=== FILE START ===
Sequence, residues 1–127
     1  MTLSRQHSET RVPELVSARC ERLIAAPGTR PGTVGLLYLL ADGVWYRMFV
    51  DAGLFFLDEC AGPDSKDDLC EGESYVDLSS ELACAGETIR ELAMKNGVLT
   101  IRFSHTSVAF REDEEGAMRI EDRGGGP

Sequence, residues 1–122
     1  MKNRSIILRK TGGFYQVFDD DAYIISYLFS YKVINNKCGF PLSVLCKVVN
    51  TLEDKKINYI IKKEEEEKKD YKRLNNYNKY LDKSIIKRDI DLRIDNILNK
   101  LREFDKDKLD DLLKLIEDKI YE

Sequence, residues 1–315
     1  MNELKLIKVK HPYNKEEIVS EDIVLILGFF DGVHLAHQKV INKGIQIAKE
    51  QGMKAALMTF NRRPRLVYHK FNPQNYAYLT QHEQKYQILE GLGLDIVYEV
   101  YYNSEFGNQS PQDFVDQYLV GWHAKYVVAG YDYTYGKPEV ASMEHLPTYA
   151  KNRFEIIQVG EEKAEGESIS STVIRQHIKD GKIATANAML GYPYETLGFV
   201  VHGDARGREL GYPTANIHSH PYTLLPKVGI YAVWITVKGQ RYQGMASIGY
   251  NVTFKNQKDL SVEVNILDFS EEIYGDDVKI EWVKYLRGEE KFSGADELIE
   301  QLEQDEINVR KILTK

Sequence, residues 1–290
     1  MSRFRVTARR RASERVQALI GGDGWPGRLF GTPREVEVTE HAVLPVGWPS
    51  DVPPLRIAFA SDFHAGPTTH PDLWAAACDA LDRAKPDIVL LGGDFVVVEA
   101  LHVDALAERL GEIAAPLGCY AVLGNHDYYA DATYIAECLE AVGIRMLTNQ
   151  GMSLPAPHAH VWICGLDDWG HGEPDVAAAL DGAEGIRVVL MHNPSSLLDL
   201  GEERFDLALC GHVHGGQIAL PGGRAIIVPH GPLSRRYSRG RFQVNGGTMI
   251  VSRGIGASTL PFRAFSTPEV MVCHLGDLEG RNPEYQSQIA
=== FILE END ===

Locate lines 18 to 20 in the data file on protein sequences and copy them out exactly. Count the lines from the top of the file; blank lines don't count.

     1  MSRFRVTARR RASERVQALI GGDGWPGRLF GTPREVEVTE HAVLPVGWPS
    51  DVPPLRIAFA SDFHAGPTTH PDLWAAACDA LDRAKPDIVL LGGDFVVVEA
   101  LHVDALAERL GEIAAPLGCY AVLGNHDYYA DATYIAECLE AVGIRMLTNQ